Bike reviews

Reviewed: Maeving RM1


Up to now, options for buyers looking for a relatively inexpensive electric commuter have been limited. Chinese brands like NIU and Super Soco have been delivering brilliant products which offer a practical and low cost proposition, but if you wanted something a bit more special then the options have been almost non-existent – at least until now.

Meet the Maeving RM1.



Designed and built in the heartlands of British motorcycle manufacturing, Maeving set up shop in Coventry in 2017, led by Seb Inglis-Jones and Will Stirrup. The company now employs a growing team of 22, many of whom used to work for another Midlands-based bike manufacturer you might have heard of - Triumph. 

We spent a sunny afternoon riding the new RM1 through the busiest streets London could throw at us, to see if this super-cool heritage bike could really perform in its natural environment when the going gets tough.

I can’t recall a time I’ve enjoyed riding through a jam-packed central London, nor when I have received that much attention from a bike. People walking on the street, taxi drivers at the lights, couriers, even a nice lady at the café where we stopped for a trendy coffee.

They all asked the same thing; “That’s so cool! Is that electric?”

First, let’s talk specs.

The RM1 comes in two variations: A single battery version for £4,995 and a dual-battery option for £5,990. Both give you the same level of performance with a top speed of 45mph, but the extra battery doubles the range from 40 to 80 miles. The Bosch hub motor means a direct drive system with no gearbox, giving a really simple to ride twist-and-go operation.




When you’re done riding it’s easy too. Slide out the snazzy-looking brushed aluminium Samsung battery (or batteries depending on which model you have) and drop it onto the charging unit, which you connect to a standard 240v wall socket. The main battery compartments are located where the engine and fuel tank would typically be on a traditional petrol motorcycle. Run with just one battery, and the ‘fuel-tank’ provides 10 litres of storage space – handy for small shopping runs. Each battery weighs 12kgs, so depending on how many you’re carrying, the bike will weigh either 112kgs or 124kgs. Recharge time is up to four hours for each battery.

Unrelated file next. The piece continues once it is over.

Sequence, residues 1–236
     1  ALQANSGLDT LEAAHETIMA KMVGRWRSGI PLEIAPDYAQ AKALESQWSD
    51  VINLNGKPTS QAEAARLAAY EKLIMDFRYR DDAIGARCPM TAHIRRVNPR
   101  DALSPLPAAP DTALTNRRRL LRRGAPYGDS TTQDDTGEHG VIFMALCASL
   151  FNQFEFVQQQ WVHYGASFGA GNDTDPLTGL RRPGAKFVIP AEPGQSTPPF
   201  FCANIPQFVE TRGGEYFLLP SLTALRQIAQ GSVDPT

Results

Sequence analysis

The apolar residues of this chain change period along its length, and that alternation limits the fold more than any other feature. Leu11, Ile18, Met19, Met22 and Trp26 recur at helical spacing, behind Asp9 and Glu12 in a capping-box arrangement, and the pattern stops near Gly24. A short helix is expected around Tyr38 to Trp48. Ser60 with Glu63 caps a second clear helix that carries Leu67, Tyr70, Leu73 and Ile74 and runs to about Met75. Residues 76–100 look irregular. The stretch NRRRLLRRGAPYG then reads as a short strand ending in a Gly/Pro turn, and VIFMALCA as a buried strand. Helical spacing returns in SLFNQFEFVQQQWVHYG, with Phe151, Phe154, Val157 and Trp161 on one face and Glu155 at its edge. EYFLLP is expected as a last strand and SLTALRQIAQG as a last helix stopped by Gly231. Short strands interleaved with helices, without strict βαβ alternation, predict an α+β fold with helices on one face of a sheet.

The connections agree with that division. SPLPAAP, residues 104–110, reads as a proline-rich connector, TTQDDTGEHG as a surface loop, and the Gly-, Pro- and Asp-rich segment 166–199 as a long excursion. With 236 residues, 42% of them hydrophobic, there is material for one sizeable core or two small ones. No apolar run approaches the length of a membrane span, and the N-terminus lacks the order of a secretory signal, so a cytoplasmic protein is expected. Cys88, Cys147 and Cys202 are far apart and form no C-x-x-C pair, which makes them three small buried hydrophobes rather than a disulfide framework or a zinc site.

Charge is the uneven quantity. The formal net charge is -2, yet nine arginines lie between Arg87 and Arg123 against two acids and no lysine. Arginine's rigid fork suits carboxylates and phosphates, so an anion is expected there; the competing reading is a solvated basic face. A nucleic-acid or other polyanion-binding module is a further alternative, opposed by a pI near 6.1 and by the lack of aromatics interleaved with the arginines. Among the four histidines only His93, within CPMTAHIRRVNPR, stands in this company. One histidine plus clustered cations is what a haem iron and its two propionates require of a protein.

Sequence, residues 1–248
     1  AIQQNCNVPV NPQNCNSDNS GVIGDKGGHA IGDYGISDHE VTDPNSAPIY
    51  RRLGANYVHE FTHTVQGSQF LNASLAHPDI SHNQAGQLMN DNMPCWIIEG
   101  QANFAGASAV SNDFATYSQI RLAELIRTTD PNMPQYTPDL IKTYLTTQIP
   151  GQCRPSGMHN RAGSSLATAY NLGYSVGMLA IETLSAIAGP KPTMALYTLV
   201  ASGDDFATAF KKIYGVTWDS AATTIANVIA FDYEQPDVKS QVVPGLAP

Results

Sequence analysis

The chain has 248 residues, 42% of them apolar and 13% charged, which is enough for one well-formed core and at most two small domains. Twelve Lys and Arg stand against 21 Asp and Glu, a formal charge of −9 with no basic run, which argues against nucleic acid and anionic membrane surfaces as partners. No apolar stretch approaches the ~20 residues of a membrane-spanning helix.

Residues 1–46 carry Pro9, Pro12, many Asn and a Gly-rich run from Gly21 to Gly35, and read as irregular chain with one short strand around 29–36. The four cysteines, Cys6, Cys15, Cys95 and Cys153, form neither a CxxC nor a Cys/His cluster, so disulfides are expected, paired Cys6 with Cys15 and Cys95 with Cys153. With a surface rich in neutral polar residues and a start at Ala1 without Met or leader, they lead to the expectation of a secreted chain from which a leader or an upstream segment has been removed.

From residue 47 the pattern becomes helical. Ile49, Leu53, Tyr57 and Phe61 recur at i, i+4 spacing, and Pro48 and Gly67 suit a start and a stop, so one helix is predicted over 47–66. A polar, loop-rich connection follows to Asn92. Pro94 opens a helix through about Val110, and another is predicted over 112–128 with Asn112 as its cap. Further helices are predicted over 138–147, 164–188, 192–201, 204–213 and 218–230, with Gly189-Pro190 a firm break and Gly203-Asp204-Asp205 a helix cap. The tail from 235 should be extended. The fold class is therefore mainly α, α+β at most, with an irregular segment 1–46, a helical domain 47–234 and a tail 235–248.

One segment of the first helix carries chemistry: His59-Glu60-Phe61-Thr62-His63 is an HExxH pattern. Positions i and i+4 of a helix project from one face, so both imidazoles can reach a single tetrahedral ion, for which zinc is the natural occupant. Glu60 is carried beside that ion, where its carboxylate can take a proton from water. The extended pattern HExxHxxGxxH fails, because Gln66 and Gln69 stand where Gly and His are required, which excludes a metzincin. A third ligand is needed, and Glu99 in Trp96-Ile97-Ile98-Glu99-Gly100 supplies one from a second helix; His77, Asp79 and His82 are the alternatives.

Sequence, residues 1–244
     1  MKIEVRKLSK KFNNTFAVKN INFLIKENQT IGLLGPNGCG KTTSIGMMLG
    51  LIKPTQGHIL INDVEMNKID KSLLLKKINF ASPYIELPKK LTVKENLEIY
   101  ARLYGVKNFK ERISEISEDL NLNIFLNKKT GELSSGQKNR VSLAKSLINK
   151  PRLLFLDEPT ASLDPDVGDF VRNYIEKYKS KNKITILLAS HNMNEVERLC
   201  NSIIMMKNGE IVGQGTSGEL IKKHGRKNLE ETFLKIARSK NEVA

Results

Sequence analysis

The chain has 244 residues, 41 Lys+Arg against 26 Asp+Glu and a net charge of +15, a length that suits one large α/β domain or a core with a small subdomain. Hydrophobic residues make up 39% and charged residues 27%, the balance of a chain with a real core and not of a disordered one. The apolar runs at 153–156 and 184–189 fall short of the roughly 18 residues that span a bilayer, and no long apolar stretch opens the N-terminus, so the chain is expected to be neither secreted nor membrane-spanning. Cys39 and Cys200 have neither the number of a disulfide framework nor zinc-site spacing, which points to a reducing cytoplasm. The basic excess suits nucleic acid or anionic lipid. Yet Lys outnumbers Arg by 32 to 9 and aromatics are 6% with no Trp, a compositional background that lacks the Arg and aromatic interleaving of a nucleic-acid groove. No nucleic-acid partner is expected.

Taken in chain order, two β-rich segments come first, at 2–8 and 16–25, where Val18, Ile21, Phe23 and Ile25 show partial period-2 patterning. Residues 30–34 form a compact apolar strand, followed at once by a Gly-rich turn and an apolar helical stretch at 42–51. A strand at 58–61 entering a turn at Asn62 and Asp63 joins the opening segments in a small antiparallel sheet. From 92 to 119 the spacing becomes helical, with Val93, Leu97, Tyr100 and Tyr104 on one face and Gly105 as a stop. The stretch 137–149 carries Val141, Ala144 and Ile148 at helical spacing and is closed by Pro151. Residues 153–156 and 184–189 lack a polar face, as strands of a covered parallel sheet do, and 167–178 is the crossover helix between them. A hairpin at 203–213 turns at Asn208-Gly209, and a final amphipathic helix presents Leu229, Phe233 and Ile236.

And the batteries look great too. Unlike some other removable batteries, which look like unsightly car batteries, they have been styled in line with the exterior of the RM1. It might not seem like a big deal, but they really compliment a trendy office vibe and certainly won’t create an eyesore charging in your living room. There are also no plugs to worry about. You just slide them out of the bike and drop them onto the charger. The batteries are industry-standard Li-ion 35E cells and are rated at 2.03kWh.

In terms of battery life, Maeving says the batteries retain over 60% of capacity after 500 cycles which should, according to Samsung, should give you about 20,000 miles of travel before needing a new battery.





Boasting the first spoke-mounted design of its kind, the RM1’s Bosch motor on the rear wheel drives the bike without any need for belts or chains. Everything is connected by a braided hose which links the batteries through to the motor and voila - we have battery power!

The motor produces 4.4kW peak power (5.9bhp) and feels comparable to a 110cc bike. It’s also A1-friendly so can be ridden with just a CBT and L-plates.

Ride Experience

This is an urban-focused machine. Swing your leg over the bike and it feels light and narrow. The seat height is a user-friendly 785mm, meaning even shorter riders will be able to get both feet down. The bar and footpeg position put you in a traditional roadster riding position – dare I say, even a little sporty! Seb from Maeving mentioned that the ergonomics for the RM1 was inspired by the Yamaha MT-03 – which gives you an idea of where they were coming from.

A single analogue speedometer with an LCD display gives you all the vitals, including the all-important battery state of charge. The front headlight is a crisp LED and accompanied by neat LED indicators to boot.




Pull in the rear brake lever, press the D button on the right switchgear, and you’re ready to go. Press the N button, and you drop back into neutral. I also found that putting the side stand down also engages neutral – a nice touch.